We could also add an additional tier of problematic stuff: the artefacts associated with the past lives of those still living, such as previous social states transcended through certain rites of passage, or objects that represent “the paraphernalia of a specific kind of personhood” (Fontijn Reference Fontijn2002: 217). In a modern context, this might manifest itself in the reluctance of parents, for example, to dispose of the infant clothes of grown-up children, with one social media user lamenting that “I have a bag for charity and a bag called ‘I'm not ready to let go yet’”. Other examples might include the retention by adults of teenage clothes that no longer fit or are no longer fashionable, or of cassette tapes that can no longer be played. While such phenomena will be difficult to recognise in the archaeological record, they might be glimpsed, for example, in the inclusion of worn-out objects or miniatures in (adult) graves. Miniature items are often interpreted as ‘votives’ (e.g. Green Reference Green1987). Using a different interpretive lens, however, there is no reason to discount the possibility that such objects might represent a cherished childhood toy, such as the diminutive sword in its wooden scabbard found in the grave of two adults at the Roman cemetery of Cranmer House, Canterbury (Bennett Reference Bennett, Frere, Bennett, Rady and Stow1987: 66). Problematic stuff might also be evidenced by the inclusion of adult-sized objects in children's graves; that is, objects—such as the three copper rings interred with a child at Barrow Hills in Oxfordshire (Brück Reference Brück2004: 314)—that were destined for individuals who did not live long enough to wear them.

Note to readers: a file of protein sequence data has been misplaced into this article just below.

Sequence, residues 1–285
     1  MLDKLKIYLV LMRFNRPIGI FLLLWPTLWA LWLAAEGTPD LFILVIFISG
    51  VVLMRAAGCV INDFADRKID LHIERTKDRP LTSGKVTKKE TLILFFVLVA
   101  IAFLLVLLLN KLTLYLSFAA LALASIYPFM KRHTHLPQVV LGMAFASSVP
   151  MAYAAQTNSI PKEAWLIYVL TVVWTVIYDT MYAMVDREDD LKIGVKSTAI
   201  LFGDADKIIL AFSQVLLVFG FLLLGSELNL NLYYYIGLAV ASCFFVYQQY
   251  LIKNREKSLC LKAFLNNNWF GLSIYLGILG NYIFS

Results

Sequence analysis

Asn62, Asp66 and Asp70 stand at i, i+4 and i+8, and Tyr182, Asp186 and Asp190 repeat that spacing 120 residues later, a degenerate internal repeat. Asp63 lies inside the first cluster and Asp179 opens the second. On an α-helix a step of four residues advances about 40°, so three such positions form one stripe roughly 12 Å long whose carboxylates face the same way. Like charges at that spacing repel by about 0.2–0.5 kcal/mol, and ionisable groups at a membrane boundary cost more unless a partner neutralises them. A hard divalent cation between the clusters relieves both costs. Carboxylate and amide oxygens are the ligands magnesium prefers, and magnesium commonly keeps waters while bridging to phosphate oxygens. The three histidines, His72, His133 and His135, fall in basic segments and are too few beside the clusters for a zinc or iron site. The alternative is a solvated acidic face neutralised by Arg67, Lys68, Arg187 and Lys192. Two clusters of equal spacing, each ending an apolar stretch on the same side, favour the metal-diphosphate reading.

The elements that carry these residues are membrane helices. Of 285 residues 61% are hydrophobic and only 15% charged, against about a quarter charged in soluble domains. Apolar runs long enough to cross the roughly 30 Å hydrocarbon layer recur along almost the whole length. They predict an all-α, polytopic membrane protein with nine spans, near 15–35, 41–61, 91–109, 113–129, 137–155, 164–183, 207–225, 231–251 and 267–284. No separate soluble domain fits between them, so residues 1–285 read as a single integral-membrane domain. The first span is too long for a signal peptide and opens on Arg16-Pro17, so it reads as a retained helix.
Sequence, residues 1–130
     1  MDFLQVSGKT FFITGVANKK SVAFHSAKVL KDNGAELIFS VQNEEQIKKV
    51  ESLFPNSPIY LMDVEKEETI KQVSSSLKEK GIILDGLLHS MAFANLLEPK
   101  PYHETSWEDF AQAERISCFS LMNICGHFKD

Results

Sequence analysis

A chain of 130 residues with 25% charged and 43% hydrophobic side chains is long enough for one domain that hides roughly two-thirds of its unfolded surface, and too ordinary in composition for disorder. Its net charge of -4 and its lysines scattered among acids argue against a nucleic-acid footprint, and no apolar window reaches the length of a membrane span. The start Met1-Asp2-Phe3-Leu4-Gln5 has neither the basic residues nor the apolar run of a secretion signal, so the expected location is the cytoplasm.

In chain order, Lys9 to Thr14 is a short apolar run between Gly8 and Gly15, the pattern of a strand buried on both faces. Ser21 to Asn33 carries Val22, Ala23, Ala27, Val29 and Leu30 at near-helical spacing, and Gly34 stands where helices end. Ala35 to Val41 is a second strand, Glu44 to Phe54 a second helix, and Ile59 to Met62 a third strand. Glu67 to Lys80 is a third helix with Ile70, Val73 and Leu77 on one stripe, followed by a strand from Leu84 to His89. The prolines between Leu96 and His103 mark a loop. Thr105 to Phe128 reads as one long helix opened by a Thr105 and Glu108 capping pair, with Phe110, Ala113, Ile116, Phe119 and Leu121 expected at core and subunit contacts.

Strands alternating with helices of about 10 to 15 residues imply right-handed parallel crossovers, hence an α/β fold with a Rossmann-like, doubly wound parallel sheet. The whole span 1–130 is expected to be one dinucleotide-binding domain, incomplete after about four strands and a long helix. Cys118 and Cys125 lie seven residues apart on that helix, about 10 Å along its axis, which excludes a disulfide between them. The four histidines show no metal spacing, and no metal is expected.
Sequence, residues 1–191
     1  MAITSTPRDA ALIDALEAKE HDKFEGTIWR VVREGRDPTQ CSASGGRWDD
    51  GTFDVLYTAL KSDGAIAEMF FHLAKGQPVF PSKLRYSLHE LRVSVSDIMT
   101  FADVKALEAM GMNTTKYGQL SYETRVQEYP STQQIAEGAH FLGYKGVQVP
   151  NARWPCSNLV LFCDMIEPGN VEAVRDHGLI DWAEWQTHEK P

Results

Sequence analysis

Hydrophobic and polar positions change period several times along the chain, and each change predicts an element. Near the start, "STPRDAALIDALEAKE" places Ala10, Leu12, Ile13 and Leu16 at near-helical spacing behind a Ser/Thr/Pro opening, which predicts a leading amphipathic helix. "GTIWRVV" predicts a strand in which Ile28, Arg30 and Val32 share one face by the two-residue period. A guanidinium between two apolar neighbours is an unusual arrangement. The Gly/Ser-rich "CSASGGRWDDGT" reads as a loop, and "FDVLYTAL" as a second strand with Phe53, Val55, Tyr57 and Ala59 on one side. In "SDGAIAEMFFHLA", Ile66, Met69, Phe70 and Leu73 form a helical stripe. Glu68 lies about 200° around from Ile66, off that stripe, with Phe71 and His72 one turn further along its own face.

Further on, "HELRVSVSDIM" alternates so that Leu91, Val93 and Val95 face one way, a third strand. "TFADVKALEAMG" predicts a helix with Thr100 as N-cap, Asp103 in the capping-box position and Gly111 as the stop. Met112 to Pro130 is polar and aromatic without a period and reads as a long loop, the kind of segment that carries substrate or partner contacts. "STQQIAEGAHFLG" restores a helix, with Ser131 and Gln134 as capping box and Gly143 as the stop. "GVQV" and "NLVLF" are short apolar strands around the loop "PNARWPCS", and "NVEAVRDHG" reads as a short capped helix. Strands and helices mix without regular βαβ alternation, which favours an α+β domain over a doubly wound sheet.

In any region or period with mortuary traditions that involved the digging of graves, the disposal of problematic stuff would potentially have been fairly straightforward, as it could have accompanied the deposition of the body (or its remnants). But what happened to these objects when there was no grave in which to deposit them? What happened to problematic stuff in the communities of later prehistoric Britain, for example, whose predominant mode of disposal of the dead involved the complete dispersal of the body through excarnation? Human remains are themselves sometimes incorporated into structured deposits. The femur interred with a weaving comb and copper alloy fibula in a pit at Maiden Castle, Dorset (Sharples Reference Sharples2010: 239), provides just one example. These bones surely represent ‘token’ remnants of the deceased, collected from the scattered remains of bodies that had been defleshed and disarticulated through excarnation, as McKinley (Reference McKinley, Tarlow and Stutz2013: 154) similarly argues for cremation graves of this period. With this in mind, it is perhaps unsurprising that a downturn in the construction of barrows, and the associated interment of bodies and grave goods, across much of Europe after 1500 BC coincides with an increase in the deposition of weapon hoards, which are frequently associated with isolated human bones and placed in watery contexts (Fitzpatrick Reference Fitzpatrick, Cunliffe and Miles1984; Bradley Reference Bradley and Fagan1996: 306; Barrett & Needham Reference Barrett, Needham, Barrett and Kinnes1988). Conversely, the emergence of large Urnfield (flat grave) cemeteries across continental Europe in the Late Bronze Age (c. 1050 BC) coincides with a downturn in the deposition of objects in rivers (Fontijn Reference Fontijn2002: 152 & 234).